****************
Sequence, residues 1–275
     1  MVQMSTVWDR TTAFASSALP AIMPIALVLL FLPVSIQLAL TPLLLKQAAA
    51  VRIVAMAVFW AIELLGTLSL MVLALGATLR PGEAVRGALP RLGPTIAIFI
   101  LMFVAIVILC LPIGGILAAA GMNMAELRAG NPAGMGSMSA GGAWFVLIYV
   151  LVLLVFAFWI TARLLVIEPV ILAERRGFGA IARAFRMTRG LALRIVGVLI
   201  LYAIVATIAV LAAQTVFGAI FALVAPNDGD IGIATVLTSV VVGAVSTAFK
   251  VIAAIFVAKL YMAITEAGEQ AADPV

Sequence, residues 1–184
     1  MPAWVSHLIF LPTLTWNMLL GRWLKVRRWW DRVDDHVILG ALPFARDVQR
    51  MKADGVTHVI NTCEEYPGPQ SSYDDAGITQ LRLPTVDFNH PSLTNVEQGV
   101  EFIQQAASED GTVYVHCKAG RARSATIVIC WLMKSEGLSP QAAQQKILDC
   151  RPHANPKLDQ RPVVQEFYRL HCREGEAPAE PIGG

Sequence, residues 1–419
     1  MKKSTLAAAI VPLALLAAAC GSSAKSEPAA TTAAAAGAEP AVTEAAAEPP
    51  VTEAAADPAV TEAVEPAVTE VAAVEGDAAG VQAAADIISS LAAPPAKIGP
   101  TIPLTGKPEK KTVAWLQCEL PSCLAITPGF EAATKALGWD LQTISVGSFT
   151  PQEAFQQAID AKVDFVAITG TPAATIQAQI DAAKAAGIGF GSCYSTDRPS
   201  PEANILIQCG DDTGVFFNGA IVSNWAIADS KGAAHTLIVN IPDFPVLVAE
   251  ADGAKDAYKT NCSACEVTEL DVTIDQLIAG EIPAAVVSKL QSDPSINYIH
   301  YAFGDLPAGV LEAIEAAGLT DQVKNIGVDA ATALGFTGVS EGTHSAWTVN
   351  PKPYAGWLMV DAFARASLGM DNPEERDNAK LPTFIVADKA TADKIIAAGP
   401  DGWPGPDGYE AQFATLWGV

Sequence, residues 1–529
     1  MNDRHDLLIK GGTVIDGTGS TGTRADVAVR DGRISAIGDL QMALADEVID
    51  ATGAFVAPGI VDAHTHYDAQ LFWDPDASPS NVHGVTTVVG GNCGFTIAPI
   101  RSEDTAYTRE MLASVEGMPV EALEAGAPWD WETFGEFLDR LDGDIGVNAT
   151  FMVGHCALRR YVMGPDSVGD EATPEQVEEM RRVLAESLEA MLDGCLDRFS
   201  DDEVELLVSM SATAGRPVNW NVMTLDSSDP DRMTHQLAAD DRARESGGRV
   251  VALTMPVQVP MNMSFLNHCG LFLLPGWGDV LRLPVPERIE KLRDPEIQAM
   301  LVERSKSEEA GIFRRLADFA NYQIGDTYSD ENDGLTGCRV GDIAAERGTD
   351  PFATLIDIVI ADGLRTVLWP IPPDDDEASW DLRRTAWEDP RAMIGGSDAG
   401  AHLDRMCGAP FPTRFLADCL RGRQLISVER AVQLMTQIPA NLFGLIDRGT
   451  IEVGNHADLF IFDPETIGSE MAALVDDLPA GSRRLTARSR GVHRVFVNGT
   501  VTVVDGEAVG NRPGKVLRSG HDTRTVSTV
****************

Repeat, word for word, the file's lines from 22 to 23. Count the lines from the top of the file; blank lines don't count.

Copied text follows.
   401  DGWPGPDGYE AQFATLWGV

Sequence, residues 1–529